The Top 200 Video Games of All-Time: #141-150

The collection of great video games continues as we hit #’s 141-150 in our countdown of the top 200 video games of all-time (as voted on by our followers).

150) Kirby: Superstar
Anybody who was a kid during the Super Nintendo days remembers a floating pink ball named Kirby. Kirby: Super Star was advertised as featuring eight games: six sections and two minigames. Though each of these games was different, they were all different, each allowed you to use Kirby’s abilities to eat, float, run, and spit your way across a variety of areas in a sometimes limited amount of time. The game has seen several rereleases since 1996, and Kirby‘s latest adventure can now be played on the Nintendo Switch.
149) Horizon: Zero Dawn
Praised by many as being one of the best looking games Sony has in its current catalog, Horizon: Zero Dawn received critical renown for just about every aspect from its open-world story to the game’s voice actress Ashly Burch. In this post-apocalyptic adventure, you play as Aloy, a hunter who seeks to unravel the mysteries of the past while having to fight through various mechanized monsters. Nobody expected Guerilla Games to make something this great, but we’re all glad they did.
148) Grand Theft Auto Vice City
It was only a matter of time before this juggernaut of a franchise made it back onto the list. Grand Theft Auto Vice City is the sixth title in the series and the first numbered entry since Grand Theft Auto dropped in 2001. This game takes place in a fictional city that looks an awful lot like Miami. And for those of you who were adults when this game came out, you probably remember all of the controversies over the way the game handled violence and race. Despite all of that, it still went on to sell over 17.5 million copies and is still selling well today.
147) God of War  (2005)
There are few characters in video games today as iconic as the Ghost of Sparta. God of War is a third-person hack and slash adventure game developed by Sony Santa Monica and sees you playing as Kratos, the once faithful servant to Ares, who tricked Kratos into killing his wife and daughter. As Ares lays siege to Athens, Kratos looks for the Pandora’s Box, the one thing believed to be able to stop Ares. With more than 4.6 million copies sold and more sequels (the latest of which was amazing) than I can count on one hand, it’s easy to see why God of War is such an iconic franchise.
146) Crash Bandicoot: The Wrath of Cortex
We were beginning to wonder when we’d see this world-famous marsupial. Crash Bandicoot: The Wrath of Cortex is the fourth installment of the iconic franchise and sees players controlling Crash and Coco taking on Doctor Cortex once again, as well as his new secret weapon. This game follows the events of Crash 3, which ended with Cortex being berated by a mysterious group for not spreading enough evil. Crash Bandicoot: The Wrath of Cortex was released in 2002 to mixed reviews, but was still held in high esteem by the fans.
145) Counter-Strike: Global Offensive
We could probably write an entire list about all of Valve’s achievements in gaming, but none of those did for gaming what Counter-Strike: Global Offensive did. This game not only breathed new life into the multi-player genre, but it also spawned gaming cafes, where gamers could pay money and spend hours playing as terrorists or counter-terrorists across multiple maps with plenty of different load-outs to choose from. It then became a cornerstone of the burgeoning e-sports industry with tournaments that captured the imagination of millions around the globe. Valve, of course, tried to push the franchise into the next generation with sequels and spin-offs, but none of those ever captured the magic of the original.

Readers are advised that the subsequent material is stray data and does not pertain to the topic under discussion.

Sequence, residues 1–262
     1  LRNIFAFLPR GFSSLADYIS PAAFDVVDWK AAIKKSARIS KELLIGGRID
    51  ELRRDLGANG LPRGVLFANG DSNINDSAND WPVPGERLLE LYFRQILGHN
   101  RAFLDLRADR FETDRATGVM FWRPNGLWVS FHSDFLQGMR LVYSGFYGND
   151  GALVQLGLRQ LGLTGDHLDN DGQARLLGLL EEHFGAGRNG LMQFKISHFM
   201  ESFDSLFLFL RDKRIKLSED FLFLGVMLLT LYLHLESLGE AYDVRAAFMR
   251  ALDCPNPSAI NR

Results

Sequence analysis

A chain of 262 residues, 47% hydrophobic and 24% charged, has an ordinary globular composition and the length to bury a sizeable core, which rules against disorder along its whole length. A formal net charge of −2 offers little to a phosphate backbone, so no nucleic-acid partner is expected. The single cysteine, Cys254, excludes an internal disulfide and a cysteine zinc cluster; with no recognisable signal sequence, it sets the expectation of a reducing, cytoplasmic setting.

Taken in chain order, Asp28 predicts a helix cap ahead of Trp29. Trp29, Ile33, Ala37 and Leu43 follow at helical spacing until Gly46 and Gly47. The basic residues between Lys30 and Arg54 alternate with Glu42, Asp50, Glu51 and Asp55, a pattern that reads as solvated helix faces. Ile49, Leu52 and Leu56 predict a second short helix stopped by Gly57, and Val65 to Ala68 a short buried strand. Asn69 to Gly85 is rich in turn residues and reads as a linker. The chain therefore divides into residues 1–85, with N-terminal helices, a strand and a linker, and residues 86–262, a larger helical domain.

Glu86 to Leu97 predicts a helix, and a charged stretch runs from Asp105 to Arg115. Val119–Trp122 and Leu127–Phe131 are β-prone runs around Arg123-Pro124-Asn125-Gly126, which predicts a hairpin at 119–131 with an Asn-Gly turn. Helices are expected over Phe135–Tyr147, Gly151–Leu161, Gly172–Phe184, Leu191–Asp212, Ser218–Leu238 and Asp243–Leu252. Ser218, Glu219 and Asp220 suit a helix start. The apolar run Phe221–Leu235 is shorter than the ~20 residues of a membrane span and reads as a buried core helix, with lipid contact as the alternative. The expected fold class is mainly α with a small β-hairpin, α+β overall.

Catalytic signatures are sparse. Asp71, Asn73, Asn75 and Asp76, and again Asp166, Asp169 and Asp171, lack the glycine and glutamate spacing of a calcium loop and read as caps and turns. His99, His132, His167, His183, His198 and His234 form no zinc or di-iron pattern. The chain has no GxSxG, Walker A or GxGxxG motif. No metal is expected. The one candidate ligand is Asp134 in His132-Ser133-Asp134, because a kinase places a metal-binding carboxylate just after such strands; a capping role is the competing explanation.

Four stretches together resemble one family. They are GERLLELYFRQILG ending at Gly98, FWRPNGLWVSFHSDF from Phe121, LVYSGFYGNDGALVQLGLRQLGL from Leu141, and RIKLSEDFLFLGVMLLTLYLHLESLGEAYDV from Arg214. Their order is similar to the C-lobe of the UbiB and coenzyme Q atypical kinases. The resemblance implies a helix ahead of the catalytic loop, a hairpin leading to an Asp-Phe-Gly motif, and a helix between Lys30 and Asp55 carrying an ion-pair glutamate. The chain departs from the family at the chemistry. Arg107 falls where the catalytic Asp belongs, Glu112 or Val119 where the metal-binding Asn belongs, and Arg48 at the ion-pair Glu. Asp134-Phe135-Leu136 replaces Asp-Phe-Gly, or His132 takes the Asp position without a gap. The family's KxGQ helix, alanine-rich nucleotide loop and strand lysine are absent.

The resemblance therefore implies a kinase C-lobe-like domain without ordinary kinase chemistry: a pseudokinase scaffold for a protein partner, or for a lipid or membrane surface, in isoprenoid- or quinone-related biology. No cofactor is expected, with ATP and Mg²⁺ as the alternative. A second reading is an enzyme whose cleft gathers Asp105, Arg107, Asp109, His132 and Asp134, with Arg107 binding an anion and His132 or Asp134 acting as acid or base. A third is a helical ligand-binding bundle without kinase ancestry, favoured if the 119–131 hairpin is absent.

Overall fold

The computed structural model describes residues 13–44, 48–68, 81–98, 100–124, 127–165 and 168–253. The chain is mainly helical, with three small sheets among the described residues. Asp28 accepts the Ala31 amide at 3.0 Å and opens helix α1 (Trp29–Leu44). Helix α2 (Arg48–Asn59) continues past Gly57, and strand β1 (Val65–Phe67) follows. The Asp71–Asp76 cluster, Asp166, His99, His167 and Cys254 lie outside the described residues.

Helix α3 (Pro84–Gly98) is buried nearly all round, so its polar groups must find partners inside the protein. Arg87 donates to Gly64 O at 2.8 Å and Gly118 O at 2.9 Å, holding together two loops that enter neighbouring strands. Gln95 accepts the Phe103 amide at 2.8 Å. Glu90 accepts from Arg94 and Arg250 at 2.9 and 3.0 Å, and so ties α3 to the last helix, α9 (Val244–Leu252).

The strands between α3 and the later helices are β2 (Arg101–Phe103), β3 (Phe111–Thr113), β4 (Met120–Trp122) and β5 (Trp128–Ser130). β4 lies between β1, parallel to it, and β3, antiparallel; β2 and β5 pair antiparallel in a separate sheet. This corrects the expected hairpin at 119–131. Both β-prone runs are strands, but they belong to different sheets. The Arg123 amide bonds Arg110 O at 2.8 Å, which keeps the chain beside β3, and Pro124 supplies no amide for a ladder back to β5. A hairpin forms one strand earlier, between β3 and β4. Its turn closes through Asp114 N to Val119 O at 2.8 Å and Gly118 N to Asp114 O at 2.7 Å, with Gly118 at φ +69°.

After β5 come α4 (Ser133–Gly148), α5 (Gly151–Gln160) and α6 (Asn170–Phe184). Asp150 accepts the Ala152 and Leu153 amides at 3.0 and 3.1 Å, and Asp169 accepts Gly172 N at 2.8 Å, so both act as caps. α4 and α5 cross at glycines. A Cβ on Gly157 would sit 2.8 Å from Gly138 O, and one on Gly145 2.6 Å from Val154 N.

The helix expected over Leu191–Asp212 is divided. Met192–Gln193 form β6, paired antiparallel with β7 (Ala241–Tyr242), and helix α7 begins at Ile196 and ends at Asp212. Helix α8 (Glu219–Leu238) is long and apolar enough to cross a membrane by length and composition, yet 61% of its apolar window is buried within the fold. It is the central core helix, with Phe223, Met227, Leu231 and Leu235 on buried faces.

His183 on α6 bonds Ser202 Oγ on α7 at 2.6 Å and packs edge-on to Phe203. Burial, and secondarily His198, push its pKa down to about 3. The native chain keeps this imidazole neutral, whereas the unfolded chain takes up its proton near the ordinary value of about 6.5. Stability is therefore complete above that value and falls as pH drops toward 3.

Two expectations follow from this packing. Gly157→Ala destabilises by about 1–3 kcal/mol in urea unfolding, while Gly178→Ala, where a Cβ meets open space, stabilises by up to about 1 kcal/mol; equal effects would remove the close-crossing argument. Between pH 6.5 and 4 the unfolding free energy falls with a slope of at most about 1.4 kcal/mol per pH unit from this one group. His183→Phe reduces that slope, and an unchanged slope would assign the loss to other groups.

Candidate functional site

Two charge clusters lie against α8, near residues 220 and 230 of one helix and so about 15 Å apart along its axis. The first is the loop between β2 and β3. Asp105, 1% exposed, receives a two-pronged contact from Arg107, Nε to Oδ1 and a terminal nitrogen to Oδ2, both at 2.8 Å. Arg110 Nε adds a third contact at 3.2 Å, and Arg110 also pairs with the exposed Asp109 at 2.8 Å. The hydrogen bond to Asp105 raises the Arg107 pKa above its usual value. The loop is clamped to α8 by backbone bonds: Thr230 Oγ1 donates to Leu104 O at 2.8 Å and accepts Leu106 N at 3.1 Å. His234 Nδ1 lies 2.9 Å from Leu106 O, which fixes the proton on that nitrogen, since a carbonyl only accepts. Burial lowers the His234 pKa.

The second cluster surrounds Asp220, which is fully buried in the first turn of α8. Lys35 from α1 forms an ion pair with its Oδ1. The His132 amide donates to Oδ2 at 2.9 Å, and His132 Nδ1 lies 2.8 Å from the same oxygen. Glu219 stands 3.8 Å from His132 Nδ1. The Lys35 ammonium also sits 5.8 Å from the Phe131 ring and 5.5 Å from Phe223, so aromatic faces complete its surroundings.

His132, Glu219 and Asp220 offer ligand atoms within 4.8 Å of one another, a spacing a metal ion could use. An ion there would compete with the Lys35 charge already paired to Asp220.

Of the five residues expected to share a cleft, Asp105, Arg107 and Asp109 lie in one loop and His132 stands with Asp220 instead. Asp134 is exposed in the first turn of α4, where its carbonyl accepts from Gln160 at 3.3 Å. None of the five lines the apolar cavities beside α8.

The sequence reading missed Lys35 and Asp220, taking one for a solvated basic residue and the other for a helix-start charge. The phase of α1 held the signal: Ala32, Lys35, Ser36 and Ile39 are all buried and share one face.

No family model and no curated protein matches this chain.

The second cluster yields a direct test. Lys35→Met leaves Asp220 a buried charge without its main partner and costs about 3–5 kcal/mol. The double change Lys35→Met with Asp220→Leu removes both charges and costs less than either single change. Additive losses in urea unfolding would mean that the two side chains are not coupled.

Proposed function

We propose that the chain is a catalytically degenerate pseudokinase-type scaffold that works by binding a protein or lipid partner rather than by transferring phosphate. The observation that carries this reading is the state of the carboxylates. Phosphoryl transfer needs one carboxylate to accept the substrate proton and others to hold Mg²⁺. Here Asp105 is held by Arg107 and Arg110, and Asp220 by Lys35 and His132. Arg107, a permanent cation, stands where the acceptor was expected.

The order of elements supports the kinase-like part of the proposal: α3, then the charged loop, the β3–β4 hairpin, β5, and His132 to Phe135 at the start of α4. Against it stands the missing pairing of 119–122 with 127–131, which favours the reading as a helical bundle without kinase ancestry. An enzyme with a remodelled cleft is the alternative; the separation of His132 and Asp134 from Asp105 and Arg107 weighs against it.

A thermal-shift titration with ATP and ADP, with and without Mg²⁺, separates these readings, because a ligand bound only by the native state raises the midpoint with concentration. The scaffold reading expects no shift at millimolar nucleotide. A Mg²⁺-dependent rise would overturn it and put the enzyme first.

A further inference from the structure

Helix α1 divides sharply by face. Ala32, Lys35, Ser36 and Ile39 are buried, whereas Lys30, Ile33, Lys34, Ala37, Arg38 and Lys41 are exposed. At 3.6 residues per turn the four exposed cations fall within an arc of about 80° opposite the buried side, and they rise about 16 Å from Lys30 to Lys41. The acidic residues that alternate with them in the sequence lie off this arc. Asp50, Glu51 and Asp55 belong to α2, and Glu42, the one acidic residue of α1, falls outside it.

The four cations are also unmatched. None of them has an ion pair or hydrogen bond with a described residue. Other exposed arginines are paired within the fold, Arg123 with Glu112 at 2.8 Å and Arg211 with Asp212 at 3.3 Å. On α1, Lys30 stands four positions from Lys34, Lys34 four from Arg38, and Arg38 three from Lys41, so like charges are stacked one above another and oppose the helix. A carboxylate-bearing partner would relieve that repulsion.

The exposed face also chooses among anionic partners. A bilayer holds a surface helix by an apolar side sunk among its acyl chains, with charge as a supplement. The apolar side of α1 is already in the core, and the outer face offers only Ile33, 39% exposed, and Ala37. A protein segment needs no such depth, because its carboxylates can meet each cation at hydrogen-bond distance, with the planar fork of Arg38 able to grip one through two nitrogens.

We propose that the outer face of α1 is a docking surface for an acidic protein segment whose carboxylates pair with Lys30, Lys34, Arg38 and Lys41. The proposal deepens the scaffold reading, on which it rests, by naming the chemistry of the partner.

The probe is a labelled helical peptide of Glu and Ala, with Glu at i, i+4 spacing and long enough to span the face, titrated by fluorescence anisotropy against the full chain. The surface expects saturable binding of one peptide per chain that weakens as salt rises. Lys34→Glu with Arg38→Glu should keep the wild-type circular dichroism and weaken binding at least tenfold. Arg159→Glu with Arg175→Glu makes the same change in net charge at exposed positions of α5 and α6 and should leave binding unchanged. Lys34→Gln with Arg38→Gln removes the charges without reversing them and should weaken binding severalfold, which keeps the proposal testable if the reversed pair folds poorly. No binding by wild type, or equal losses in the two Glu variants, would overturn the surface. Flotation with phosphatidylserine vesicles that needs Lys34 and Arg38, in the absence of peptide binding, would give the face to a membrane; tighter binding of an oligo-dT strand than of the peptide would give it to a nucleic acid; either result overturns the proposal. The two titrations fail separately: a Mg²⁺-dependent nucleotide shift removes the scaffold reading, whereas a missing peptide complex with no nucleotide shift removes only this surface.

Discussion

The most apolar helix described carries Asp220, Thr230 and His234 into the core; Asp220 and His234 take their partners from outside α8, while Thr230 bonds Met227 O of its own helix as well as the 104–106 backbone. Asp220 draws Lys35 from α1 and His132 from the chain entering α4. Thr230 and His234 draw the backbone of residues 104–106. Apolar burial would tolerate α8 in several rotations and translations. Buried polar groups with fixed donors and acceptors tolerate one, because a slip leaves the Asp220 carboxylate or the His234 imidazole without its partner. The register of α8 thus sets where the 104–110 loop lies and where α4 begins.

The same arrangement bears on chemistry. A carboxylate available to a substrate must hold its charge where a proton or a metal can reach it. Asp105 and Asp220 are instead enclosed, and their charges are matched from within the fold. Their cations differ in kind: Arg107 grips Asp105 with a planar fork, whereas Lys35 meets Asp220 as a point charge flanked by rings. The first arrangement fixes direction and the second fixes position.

144) Call of Duty: Modern Warfare 2
Surprisingly, this annual franchise has managed to stay relevant among casual gamers with a version for everybody. Call of Duty: Modern Warfare 2returns gamers to modern times, allowing them to play through three different game modes including Campaign, Spec Ops, and Multiplayer. Critics have praised it as being of one of the greatest first-person shooters of all time. It even sold 4.7 million copies within the first 24 hours of its release. If people are getting tired of Call of Duty, it certainly isn’t showing.
143) Bayonetta 2
Bayonetta 2 was announced at a Nintendo Direct presentation back in 2012, and unlike the first entry, was exclusive to Nintendo. This game picks up right where Bayonetta left off and improves upon the fast-paced mechanics of the first entry. The over-the-top antics and fast and furious chain damage continues the fun of the first in a grand design.
142) Bagman
Bagman is very much like the much more popular Pac-Man except it takes place in a mine environment. This 1982 arcade game has you maneuvering Bagman through various shafts to collect money, avoid guards while adding to that high score. With only five mechanics to really worry about, some may be wondering how Bagman made the list. Sometimes the simplest games are the best ones.
141) Toe-Jam and Earl
If there’s one thing you have to hand game developers of the ’90s it’s that they had a complete and total lack of fear when it came to bringing odd video game concepts to life. For example, ToeJam and Earl were about as strange as they came. Released on the Sega Genesis in 1991 ToeJam and Earl sees you playing two very unique aliens searching for the pieces of their crashed space ship on earth. Considered to be a rogue-like, Sega commissioned two sequels that were met with mixed reviews, but rumor has it that a next-gen entry in the series is well into development.
Check out the rest of our list here:
#’s 81-90

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